As in Eveland, there is no intentional noncompliance in the case at bar. The record supports Commissioners' position that they have attempted to comply with statutory directives regarding property taxation through their agricultural land productivity analysis and through the use of assigned values provided by the Department of Revenue. Consequently, the Hamlin County tax officers have acted, and thus mandamus is not a proper remedy to direct the exercise of judgment or discretion in a particular way.

Mandamus also is not a proper remedy because there is a plain, speedy and adequate remedy in the ordinary course of law. SDCL Chapter 10-11 clearly establishes a system of appeal of assessment decisions. SDCL 10-11-42 authorizes appeal from a decision of the county board of equalization to the State Board of Equalization and SDCL 10-11-44 authorizes appeal from the county board to the circuit court. Moreover, an appeal under SDCL 10-11-44 authorizes a de novo hearing on such appeal. The state board and the court may correct the tax assessments. We are of the opinion that such a procedure provides a plain, speedy and adequate remedy in the ordinary course of law, and therefore affirm the circuit court that appellees are not entitled to relief by way of mandamus.

The third issue we must address is whether the Constitution and laws of South Dakota allow plural percentages for taxable valuations of different property classes, specifically agricultural property and nonagricultural property. The trial court held in the negative, and we reverse.

Two provisions in the South Dakota Constitution are basic to our determination of this issue. Article VIII, § 15, provides in pertinent part, "The Legislature is empowered to classify properties within school districts for purposes of school taxation, and may constitute agricultural property a separate class. Taxes shall be uniform on all property in the same class." This is read in conjunction with Article XI, § 2, which provides:

To the end that the burden of taxation may be equitable upon all property, and in order that no property which is made subject to taxation shall escape, the Legislature is empowered to divide all property including money and credits as well as physical property into classes and to determine what class or classes of property shall be subject to taxation and what property, if any, shall not be subject to taxation. Taxes shall be uniform on all property of the same class, and shall be levied and collected for public purposes only.

Additionally, SDCL 10-6-31 provides that, "For the purposes of taxation, all property is hereby classified into two separate classes, to wit: (1) Agricultural property; (2) Nonagricultural property." SDCL 10-11-25, in part material here, authorizes the county commissioners with the county auditor constituting the board of equalization to meet "for the purpose of hearing appeals, determining the percentage of true and full value to be used as taxable value *758 and equalizing the assessments of property...."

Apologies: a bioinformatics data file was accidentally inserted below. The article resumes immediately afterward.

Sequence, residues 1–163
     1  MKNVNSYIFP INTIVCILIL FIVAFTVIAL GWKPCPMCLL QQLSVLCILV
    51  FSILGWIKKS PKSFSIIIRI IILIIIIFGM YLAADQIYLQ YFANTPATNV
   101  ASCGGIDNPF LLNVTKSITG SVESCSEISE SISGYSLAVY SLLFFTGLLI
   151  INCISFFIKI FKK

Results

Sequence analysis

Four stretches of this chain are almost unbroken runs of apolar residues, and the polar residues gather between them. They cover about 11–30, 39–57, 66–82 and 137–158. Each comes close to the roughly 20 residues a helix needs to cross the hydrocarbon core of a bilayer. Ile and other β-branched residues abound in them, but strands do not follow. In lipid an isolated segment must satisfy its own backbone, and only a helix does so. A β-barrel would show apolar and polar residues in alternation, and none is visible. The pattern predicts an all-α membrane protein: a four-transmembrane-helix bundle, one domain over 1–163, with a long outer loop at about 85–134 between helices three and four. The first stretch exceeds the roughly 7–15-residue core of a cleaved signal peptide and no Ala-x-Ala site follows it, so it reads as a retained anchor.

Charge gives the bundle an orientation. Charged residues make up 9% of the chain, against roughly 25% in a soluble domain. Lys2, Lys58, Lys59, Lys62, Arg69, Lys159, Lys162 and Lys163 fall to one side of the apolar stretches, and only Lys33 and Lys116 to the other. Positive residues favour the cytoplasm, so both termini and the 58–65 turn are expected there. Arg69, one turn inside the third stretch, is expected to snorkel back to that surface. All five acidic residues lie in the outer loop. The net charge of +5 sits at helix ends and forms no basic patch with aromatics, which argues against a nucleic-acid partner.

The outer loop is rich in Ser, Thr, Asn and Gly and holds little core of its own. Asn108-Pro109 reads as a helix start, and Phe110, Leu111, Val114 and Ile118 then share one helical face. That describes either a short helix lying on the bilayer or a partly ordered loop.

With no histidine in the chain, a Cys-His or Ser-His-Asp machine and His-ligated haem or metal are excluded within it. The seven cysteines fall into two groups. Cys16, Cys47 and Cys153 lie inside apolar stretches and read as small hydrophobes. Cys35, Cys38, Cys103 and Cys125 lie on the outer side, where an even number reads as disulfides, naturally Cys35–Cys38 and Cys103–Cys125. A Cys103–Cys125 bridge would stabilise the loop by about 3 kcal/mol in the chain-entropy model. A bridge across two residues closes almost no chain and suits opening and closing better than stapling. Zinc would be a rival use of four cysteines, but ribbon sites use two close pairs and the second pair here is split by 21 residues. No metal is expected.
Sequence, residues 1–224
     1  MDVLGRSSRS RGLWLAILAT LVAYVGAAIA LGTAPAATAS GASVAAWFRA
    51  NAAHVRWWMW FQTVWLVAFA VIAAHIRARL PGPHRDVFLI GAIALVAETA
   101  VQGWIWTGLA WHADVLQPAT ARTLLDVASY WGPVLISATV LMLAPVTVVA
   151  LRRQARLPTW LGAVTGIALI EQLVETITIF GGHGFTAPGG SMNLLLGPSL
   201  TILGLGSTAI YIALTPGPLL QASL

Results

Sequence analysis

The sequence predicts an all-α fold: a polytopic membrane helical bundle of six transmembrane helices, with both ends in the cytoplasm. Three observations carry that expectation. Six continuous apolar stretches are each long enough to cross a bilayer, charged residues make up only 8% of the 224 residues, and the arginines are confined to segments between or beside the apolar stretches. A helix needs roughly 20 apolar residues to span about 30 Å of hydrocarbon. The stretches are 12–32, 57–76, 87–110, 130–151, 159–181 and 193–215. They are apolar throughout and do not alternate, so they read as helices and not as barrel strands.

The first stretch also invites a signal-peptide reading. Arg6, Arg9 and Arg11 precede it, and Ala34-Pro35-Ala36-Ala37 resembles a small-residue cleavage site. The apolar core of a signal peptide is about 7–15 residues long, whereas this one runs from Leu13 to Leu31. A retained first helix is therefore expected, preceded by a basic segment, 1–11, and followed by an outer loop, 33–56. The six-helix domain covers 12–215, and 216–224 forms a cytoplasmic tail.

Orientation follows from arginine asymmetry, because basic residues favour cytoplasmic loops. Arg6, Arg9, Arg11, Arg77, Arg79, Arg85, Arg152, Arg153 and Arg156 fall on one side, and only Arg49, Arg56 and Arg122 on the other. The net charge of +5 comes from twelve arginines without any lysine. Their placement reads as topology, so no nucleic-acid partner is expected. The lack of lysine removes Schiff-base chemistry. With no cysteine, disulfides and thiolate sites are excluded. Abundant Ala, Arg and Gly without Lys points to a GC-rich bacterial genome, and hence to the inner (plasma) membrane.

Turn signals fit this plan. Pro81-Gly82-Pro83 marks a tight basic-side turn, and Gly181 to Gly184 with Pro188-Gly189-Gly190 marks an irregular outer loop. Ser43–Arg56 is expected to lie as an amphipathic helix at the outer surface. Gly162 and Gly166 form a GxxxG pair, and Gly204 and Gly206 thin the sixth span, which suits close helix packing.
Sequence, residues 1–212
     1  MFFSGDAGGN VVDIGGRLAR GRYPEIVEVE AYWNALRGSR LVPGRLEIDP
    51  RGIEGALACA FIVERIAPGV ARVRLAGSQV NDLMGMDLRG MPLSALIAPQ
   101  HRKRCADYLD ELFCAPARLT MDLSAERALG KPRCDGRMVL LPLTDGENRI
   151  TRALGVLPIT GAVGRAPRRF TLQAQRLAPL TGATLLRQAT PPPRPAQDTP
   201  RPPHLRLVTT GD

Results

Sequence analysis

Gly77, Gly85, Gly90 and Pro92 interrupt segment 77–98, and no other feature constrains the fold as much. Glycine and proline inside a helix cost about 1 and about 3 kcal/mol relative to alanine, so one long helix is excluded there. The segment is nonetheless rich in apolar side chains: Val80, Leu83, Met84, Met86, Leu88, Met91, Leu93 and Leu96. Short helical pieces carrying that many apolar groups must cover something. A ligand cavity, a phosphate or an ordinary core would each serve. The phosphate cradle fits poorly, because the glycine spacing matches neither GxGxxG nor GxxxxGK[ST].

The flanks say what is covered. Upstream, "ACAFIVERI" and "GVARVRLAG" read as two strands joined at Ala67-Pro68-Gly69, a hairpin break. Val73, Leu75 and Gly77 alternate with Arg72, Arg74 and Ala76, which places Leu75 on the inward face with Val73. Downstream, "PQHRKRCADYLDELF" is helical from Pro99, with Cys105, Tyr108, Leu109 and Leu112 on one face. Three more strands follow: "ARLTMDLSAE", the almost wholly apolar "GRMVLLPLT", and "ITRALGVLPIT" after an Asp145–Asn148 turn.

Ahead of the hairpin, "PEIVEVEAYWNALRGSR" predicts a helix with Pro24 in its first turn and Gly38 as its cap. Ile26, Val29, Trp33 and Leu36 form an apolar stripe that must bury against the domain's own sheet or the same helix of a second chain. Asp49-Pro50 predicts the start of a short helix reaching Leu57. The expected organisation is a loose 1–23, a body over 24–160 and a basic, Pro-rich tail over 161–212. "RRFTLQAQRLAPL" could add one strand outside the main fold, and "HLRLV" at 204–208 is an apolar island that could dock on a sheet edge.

Although SDCL 10-11-25 refers to the "percentage" of true and full value, this does not indicate that plural percentages for taxable valuations of different property classes are not allowed. Except where a contrary intention plainly appears, words used in the singular number include the plural. SDCL 2-14-6. Considering the two constitutional provisions and the statutory law regarding property classes and taxes, it becomes clear the legislature did not intend to allow only one percentage for all classes of property. The specific injunction, both in Article VIII, § 15 and in Article XI, § 2, is that taxes shall be uniform on all property in the same class. Therefore, so long as the taxable percentage used on all property of the same class is the same, the constitutional mandate is fulfilled.

In support of the contention that Hamlin County is not authorized to set different taxable percentages for agricultural and nonagricultural property, appellees rely upon Rapid City Area School District v. Pennington County Auditor, 284 N.W.2d 308, 311 (S.D.1979), where this court stated:

No doubt exists that equalization efforts of the various boards have been severely hampered in the past by the practice of assessing property below its true and full value. To upset an overassessment one had to prove that it was in excess of true and full value. Often, an assessment would be below true and full value but far in excess of the value of comparable property. It seems clear that the 1977 enactments [SDCL 10-11-25] were designed to alleviate this problem and we hold therefore that it was the intent of the legislature to give county boards the authority to set a percentage of true and full value for the sole purpose of equalizing values between properties in the county.